- To repeat the PSA test to make sure the elevated level is not temporarily e.g. caused by an inflammation
- To use a risk prediction tool which, on the basis of more information such as your age and size of the prostate (next to the digital rectal examination and the PSA test ), calculates your personal risk of having prostate cancer
- to perform a MRI of the prostate that produces a detailed image of your prostate which enables your doctor to see if there are any potential suspicious areas
If considered needed, these exams might lead to a prostate biopsy. A biopsy involves taking samples of the prostate with a needle to look at under a microscope. The tissue is looked at to see if it has cancer and if so, how aggressive it is.
I feel healthy, why should I be tested?
PSA testing involves a simple blood test, your health insurance or national health service will normally cover the costs and it can be done by your family doctor or urologist. It will show if you are at risk of developing prostate cancer and is the only measure for early detection. Based on your personal risk and other conditions you may have, you can determine an early detection strategy/interval together with your family doctor. This means that you are tested at set times.
Are there other reasons for the PSA value to be elevated?
Yes. The PSA value that is found in your blood, is a single current view of the PSA level. Any form of prostate irritation can cause test values to be high. Benign, or non-cancerous enlargement of the prostate, a lower urinary tract infection or prostate irritation (sports, intercourse, urinary catheter) may lead to PSA elevation. Earlier values, medical history and risk factors are therefore important when thinking about retesting or further diagnostics.
Benefits and limitations of PSA Testing
- A PSA test may help find prostate cancer at an early stage. Cancer is easier to treat and is much better managed if it is found in its early stages.
- It will also let you know if you are at risk of getting prostate cancer in the future.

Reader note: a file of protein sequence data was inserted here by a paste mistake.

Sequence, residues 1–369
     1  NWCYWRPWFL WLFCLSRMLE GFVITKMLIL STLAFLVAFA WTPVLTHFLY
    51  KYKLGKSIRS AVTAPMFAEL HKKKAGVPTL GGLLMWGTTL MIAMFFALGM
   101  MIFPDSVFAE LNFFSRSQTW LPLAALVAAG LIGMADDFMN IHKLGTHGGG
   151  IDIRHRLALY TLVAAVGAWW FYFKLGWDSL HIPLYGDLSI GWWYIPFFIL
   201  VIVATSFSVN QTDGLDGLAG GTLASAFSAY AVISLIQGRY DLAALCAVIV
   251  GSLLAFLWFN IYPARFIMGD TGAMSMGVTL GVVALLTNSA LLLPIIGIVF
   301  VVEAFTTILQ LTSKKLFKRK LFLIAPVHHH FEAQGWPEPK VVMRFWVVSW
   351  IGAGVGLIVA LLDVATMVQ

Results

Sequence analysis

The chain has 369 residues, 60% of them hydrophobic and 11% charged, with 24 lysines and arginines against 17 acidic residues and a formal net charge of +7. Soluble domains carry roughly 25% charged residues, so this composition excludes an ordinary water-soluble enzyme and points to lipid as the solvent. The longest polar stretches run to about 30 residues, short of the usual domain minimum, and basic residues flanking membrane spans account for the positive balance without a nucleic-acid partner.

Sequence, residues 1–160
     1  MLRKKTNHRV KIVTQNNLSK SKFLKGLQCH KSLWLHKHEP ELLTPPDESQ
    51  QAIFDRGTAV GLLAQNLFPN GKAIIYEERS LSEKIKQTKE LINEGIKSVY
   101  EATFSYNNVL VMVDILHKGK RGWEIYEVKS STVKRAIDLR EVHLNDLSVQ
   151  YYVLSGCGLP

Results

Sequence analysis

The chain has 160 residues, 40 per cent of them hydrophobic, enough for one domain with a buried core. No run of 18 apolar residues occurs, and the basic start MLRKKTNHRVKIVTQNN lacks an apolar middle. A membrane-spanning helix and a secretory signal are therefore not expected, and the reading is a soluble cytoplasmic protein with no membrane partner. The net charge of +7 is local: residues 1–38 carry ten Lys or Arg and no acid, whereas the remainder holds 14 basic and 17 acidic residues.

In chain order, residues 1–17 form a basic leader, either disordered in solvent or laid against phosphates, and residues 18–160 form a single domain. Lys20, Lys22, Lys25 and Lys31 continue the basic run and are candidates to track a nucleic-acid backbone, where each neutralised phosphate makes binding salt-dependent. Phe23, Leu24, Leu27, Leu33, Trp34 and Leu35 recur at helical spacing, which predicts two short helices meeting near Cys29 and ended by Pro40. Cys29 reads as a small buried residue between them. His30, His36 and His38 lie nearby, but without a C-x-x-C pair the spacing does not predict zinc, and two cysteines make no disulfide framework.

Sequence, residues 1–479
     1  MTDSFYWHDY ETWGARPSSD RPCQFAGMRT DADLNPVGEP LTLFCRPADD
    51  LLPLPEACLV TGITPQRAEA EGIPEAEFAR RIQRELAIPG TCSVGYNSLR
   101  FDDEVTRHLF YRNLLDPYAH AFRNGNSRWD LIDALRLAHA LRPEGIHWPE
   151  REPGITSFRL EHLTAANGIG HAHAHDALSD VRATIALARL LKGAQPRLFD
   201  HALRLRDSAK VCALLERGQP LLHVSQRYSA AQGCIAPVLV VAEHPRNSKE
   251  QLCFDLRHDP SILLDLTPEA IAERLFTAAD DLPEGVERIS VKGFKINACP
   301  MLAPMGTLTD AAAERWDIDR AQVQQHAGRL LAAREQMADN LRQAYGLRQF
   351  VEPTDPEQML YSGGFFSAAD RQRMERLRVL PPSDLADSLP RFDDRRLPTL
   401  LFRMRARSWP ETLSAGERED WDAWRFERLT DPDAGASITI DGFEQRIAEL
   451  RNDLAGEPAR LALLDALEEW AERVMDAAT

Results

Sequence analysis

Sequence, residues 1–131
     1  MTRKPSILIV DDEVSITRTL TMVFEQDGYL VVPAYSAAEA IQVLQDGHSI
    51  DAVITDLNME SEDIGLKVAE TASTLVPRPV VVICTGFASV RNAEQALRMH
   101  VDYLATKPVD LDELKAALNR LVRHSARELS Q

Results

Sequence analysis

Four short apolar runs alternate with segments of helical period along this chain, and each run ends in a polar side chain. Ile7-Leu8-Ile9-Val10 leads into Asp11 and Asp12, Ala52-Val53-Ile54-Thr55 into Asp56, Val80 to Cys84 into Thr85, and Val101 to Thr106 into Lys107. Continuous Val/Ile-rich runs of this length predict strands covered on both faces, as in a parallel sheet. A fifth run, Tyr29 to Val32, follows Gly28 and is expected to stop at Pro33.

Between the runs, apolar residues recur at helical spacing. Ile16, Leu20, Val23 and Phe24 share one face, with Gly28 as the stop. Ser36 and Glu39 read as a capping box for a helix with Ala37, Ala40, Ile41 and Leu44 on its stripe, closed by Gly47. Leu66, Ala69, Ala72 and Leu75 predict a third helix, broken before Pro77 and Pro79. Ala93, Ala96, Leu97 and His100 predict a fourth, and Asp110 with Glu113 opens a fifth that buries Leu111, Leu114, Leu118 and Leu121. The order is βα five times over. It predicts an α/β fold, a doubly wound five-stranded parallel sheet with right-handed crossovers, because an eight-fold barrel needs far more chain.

- A PSA level that is high does not always mean that you have prostate cancer (a false-positive result). Other conditions you may have can raise PSA levels such as an enlarged prostate or a prostate infection.
- In few cases, the PSA level may be low even though cancer is present (a false negative result).
- PSA testing may find a cancer that would never have given symptoms. This is referred to as over-diagnosis: finding a cancer that is not likely to cause poor health or to present a risk to a man’s life.
Potential risks of PSA testing
Because of its limitations, PSA testing can possibly lead to unnecessary further testing (such as a biopsy) which, if prostate cancer is found, might then lead to overtreatment (such as an operation or radiation therapy). Many (40%) of the tumours found would not end up causing major health problems. Unnecessarily treating these tumours may lead to anxiety and stress.
By not measuring your PSA level, you will avoid false positive measurements and the resultant stress, retesting and biopsy, but this might also cause the missing of an early (treatable and curable) cancer.
- PSA testing helps finding prostate cancer at an early stage when it is more likely to be cured
- Remember, not everyone with a high PSA level will have a cancer and not everyone who is found to have a cancer will need treatment.
- Talk to your family doctor about the risks and benefits and whether this test is right for you